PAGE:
The survey to assess citizens’ knowledge, perceptions and actual experiences of corruption was conducted between April and May 2016.
Over 85.9 per cent of respondents in the nation’s second largest city rated the DVLA as such.
It is followed by the Passport Office, the private sector, public officials and the political parties in that order.
The military was seen by 59.7 per cent of the citizens as not corrupt while 51.8 and 51 per cent said same about the media and NGOs, respectively.
Mr. Samuel Harrison-Cudjoe, a Research Officer of the Ghana Anti-Corruption Coalition (GACC), presented the findings at forum held in Kumasi.
In attendance were officials from the Kumasi Metropolitan Assembly (KMA), security agencies, Commission on Human Rights and Administrative Justice (CHRAJ), Judicial Service and the religious bodies.
The report indicated that 95 per cent of the 40.3 per cent of people who made contact with the police reported paying bribe to the officers.
The Customs Division of the Ghana Revenue Authority (GRA) also had 9.5 per cent of citizens making contact with them in the last 12 months with 86.6 per cent paying bribe.
In a similar survey in the Asante-Akim Central Municipality, the police service came top of the ranking, followed by the judiciary with the Ghana Education (GES) placing third.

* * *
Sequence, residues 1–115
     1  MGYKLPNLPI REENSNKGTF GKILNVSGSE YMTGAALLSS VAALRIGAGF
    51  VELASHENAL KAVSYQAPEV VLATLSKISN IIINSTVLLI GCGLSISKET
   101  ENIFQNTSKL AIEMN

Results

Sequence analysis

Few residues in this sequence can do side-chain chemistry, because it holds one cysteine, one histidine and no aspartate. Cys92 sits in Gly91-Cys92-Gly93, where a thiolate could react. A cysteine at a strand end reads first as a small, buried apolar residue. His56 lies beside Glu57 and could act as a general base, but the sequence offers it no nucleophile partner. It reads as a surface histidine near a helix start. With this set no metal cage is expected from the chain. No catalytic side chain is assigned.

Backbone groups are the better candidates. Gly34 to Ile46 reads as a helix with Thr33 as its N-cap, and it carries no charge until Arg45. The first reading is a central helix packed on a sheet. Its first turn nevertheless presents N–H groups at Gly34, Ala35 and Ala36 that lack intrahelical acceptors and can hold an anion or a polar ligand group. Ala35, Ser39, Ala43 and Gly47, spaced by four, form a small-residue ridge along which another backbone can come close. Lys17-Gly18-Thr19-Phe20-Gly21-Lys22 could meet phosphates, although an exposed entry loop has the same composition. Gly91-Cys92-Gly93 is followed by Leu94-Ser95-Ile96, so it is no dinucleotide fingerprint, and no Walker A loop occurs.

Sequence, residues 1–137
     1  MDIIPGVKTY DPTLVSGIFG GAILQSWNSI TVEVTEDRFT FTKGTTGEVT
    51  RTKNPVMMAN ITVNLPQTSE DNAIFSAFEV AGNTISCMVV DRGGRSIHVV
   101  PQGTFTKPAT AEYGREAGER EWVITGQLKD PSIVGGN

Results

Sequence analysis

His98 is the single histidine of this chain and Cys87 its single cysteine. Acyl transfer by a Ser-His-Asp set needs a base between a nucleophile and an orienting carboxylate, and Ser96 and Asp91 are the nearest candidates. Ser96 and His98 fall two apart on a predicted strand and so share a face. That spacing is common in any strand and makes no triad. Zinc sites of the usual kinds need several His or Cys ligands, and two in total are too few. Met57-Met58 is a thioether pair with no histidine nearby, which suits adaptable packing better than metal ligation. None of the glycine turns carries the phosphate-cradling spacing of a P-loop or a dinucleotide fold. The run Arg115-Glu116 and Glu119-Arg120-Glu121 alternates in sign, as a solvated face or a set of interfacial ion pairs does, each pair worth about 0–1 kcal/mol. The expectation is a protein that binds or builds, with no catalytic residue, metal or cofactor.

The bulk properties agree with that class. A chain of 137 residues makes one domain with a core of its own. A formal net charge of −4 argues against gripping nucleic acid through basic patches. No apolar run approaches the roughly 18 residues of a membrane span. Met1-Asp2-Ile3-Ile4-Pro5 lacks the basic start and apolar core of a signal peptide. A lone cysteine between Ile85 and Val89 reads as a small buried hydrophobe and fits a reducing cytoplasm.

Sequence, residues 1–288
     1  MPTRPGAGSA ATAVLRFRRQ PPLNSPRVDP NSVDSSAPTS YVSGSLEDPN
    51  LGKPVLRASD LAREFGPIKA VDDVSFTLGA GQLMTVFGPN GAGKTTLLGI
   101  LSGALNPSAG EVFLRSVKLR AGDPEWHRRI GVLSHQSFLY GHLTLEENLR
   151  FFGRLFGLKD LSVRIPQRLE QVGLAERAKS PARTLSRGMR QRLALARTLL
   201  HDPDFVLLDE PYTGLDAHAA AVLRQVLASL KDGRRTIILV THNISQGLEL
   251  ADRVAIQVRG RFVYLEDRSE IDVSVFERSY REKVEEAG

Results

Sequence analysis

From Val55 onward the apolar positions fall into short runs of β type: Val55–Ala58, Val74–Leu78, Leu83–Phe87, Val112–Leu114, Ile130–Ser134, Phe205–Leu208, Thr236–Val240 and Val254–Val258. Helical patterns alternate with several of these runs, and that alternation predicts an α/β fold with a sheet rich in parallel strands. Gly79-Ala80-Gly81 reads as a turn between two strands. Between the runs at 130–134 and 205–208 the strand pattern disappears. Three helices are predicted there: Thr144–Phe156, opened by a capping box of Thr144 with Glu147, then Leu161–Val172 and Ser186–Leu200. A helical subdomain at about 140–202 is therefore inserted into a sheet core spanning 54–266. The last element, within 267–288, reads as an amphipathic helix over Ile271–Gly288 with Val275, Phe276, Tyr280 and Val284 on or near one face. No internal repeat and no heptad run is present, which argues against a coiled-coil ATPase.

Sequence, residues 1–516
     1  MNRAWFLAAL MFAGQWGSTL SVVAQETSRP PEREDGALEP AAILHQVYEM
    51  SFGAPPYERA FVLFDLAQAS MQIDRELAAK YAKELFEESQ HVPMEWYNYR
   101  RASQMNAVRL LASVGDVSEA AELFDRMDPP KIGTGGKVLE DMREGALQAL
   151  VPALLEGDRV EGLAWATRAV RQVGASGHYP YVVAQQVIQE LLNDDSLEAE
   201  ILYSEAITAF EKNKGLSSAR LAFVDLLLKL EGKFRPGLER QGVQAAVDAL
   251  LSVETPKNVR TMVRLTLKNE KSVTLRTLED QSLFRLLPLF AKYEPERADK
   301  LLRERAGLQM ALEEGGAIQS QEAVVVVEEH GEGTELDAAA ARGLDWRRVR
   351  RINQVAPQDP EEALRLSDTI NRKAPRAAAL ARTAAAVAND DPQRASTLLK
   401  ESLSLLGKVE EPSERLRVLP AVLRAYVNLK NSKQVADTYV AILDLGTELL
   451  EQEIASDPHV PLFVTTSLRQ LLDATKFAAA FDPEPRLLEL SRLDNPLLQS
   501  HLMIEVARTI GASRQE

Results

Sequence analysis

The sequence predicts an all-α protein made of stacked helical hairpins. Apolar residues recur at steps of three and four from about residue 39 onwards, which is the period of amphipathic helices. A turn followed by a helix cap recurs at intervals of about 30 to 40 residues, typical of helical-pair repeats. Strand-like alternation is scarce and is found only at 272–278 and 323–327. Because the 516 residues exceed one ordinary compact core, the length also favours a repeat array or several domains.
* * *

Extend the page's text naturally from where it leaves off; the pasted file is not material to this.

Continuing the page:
Mr. Kwasi Boateng Asumeng, Programmes Manager of GACC, said four out of every five people captured in the survey had come into contact with the police for one reason or the other.
A third out of the number admitted paying bribe in their encounter with the police.
Mr. Harrison Cudjoe, a representative of GII, said the report provided district specific evidence as basis for engaging district level government institutions and stakeholders to help reduce corruption at the sub-national level.
The survey was carried out in 48 other selected districts across the 10 regions and is part of the four-year United States Agency for International Development (USAID) funded project called “Accountable Democratic Institutions and Systems Strengthening (ADISS)”.
ADISS seeks to renew and build upon on-going efforts and also increase the capacities of anti-corruption civil society organizations to motivate citizens to apply pressure on policy makers and institutions through a number of targeted and focused actions with the aim to reduce corruption.